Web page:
Everything We Know About Netflix’s Sandman TV Adaptation

Everything We Know About Netflix’s Sandman TV Adaptation

After years in development hell, a TV adaptation of DC Comics’ iconic Sandman will arrive on Netflix soon. With an absolutely killer cast and a creative team that includes original series creator Neil Gaiman, there are plenty of reasons to get excited about the show.

While we don’t have any early trailers or real insights into the show just yet, we have gotten some enticing glimpses thanks to behind-the-scenes videos, casting announcements and interviews.

Here’s everything we know about Netflix’s Sandman TV series so far.

Netflix’s Sandman: Release Date

Netflix’s Sandman adaptation does not currently have a release date. Production is expected to end in June 2021, meaning we can likely expect the show to air in late 2021 at the earliest.

The good thing about Netflix is it doesn’t tend to hype shows for too long, so it’s likely the first trailers will bring a firm release date soon (although they may not be until later in the year).

In the meantime, you can check out the latest behind-the-scenes video for a glimpse into what the show could look like:

The cast is absolutely loaded

In late May, Netflix announced the cast for Sandman — and it’s absolutely stacked with talent.

Leading the series will be Tom Sturridge (Velvet Buzzsaw, The Boat That Rocked) as Morpheus/Dream and Gwendoline Christie (Star Wars, Game of Thrones) as a female version of Lucifer Morningstar (likely to differentiate it from Netflix’s Lucifer, which won’t be connected to Sandman).

They’ll be joined by a number of incredible talents, as shown off by Netflix:

sandman netflix tv
Image: Netflix

Those are some incredible names, and some inspired choices. Jenna Coleman as John Constantine’s ancestor Johanna is particularly good, as is the choice of Mason Alexander Park as the androgynous Desire.

Kirby Howell-Baptiste is also a fantastic get. Between killer roles in HBO’s Barry and Disney’s Cruella, she’s having an excellent run lately and it’ll be great to see what she brings to the role of Death.

There’s not a weak link amongst these names, so expect to see great things.

So, what is Sandman about?

The Sandman comic series follows a group of immortals known as the Endless who live in a fantastic realm called The Dreaming. From there, they manipulate the strings of reality and lord over their individual domains (Death, Dreams, Desires, Despair etc.) as they guide humans towards their destiny.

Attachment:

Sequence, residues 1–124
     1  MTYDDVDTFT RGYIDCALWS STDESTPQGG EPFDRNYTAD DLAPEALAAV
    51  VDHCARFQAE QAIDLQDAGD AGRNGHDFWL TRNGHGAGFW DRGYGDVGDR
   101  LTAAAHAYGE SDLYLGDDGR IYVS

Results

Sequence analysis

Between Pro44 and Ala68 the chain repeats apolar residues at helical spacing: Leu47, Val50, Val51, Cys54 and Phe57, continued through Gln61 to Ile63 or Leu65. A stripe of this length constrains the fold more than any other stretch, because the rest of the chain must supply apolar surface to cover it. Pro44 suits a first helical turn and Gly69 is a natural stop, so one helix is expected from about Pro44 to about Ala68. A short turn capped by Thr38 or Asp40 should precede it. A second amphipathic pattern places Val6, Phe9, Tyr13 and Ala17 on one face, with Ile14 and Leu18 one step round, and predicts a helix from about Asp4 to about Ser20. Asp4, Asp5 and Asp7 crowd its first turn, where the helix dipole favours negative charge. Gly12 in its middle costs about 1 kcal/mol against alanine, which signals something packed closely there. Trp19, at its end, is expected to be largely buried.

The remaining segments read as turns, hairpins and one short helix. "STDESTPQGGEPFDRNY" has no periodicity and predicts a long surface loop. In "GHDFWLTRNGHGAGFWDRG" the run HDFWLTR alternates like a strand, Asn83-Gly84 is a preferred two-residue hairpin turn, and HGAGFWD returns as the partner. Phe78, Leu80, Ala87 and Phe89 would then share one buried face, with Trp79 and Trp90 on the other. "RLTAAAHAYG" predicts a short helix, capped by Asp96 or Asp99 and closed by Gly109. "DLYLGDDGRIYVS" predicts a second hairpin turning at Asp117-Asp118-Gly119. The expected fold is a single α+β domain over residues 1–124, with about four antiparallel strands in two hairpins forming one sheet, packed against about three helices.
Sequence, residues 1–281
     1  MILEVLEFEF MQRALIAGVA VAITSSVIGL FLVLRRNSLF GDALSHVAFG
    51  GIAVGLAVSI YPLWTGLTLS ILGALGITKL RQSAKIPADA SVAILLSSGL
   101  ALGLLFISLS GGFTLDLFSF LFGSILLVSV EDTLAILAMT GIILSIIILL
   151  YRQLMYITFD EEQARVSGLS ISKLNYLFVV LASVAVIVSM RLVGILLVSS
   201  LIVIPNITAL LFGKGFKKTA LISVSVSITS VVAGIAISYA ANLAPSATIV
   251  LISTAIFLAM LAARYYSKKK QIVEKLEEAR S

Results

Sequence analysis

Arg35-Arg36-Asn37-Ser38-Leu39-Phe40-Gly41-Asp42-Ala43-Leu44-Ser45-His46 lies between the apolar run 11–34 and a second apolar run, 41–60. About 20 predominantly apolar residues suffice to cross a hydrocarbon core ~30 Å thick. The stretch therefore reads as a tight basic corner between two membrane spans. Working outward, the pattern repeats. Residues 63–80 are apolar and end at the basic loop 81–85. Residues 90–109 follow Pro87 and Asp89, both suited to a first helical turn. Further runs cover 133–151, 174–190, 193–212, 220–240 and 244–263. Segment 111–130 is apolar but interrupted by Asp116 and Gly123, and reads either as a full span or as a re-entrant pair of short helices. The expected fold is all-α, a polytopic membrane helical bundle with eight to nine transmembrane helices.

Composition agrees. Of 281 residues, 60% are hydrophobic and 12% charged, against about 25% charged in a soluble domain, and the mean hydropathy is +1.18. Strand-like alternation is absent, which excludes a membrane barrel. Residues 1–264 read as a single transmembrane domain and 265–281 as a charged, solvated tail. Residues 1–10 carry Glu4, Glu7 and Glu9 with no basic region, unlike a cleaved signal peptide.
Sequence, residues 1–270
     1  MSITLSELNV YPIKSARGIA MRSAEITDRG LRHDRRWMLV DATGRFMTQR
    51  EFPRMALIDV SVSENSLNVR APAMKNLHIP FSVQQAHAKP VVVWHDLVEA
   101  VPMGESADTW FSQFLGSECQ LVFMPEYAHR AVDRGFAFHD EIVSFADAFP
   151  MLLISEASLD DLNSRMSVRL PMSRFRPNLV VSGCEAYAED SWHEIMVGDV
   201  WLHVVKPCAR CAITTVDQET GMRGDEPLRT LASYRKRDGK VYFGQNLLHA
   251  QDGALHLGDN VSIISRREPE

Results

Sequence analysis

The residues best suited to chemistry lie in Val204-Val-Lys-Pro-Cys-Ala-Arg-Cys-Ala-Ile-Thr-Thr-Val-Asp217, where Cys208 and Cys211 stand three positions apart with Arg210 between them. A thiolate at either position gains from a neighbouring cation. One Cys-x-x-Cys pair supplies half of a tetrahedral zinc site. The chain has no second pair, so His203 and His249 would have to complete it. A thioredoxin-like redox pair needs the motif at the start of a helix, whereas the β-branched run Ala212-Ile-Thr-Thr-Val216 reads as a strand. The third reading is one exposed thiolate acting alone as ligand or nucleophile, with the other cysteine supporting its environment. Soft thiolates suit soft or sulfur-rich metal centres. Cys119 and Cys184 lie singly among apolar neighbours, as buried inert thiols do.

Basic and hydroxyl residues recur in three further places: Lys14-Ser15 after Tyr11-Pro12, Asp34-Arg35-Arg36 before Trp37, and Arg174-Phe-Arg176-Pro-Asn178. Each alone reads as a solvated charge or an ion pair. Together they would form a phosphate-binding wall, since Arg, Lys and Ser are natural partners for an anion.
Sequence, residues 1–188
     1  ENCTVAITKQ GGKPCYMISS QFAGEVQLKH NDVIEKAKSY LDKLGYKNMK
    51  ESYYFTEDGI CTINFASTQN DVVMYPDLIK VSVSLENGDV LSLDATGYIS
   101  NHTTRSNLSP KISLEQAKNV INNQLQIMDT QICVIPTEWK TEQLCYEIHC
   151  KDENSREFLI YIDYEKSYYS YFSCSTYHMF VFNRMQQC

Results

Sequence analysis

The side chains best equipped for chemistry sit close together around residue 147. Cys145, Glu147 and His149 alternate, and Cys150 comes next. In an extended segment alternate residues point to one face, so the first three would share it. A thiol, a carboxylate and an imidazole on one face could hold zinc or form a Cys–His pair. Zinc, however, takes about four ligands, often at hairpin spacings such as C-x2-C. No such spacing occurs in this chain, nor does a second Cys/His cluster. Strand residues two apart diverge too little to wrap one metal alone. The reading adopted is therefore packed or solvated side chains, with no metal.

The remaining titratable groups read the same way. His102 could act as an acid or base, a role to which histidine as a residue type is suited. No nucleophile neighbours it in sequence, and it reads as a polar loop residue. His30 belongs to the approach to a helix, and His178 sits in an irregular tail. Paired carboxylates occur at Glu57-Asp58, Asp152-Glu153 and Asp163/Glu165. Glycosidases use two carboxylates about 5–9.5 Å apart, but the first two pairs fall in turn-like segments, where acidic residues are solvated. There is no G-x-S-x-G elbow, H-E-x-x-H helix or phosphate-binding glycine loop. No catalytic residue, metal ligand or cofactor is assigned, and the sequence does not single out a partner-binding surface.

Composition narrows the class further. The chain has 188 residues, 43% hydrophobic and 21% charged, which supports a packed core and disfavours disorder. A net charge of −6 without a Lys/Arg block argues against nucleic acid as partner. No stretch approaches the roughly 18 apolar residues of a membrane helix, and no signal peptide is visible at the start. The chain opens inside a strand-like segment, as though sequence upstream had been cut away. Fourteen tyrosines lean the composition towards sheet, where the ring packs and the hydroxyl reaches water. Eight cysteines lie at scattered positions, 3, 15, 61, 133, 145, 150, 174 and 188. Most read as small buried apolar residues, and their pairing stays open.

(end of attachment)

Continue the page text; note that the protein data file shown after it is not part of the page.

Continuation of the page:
The series mostly follows Dream (also known as Morpheus), who acts as a humanoid personification of dreams.

After being captured and held prisoner at the beginning of Sandman, Dream spends much of the comic’s run attempting to put his kingdom back together, reconnecting with his ‘family’ of Endless and attempting to atone for his dark and colourful past.

It’s a beautiful (and sometimes tragic) comic that deals with metaphysical themes and the state of the world as it is.

According to reports from Rotten Tomatoes, the Netflix series will be set in the modern day, with Dream waking in 2021 and setting out to restore his kingdom, piece by piece.

The road to Sandman hasn’t been easy

sandman tv show netflix
Image: DC Comics / Vertigo

Sandman is a phenomenal comic series, and there’s been interest in a TV or film adaptation for more than a decade. Warner Bros. reportedly optioned the film as far back as the late 1990s but no news surfaced until 2007 when creator Neil Gaiman stated that the time for a ‘good’ Sandman movie was coming.

In 2013, David Goyer announced he was working on a new adaptation of the story, with Joseph Gordon-Levitt attached to star as Dream/Morpheus and serve as a producer — but this failed to materialise. After years of development and various drop-outs (including Gordon-Levitt), the writer of the film finally dropped it with the pronouncement that it should be a TV show, not a film.

Concurrent to this, there was also another Sandman project in the works (this time for TV) from Supernatural creator Eric Kripke — but this version didn’t eventuate either.

Gaiman has repeatedly stated he would only let Sandman be made if the adaptation was goodso it’s fair to assume Netflix’s version is strongly aligned with his vision for the series. While it’s too early to say whether it’ll match the grandeur and spectacle of the comic, Gaiman’s support is key.

It feels like a miracle we’re getting it at all, but we should be very thankful we are.

However it turns out, Netflix’s Sandman should be an interesting ride.

Netflix’s Sandman does not currently have a release date, but you can stay tuned to Gizmodo Australia for all the latest news on the show.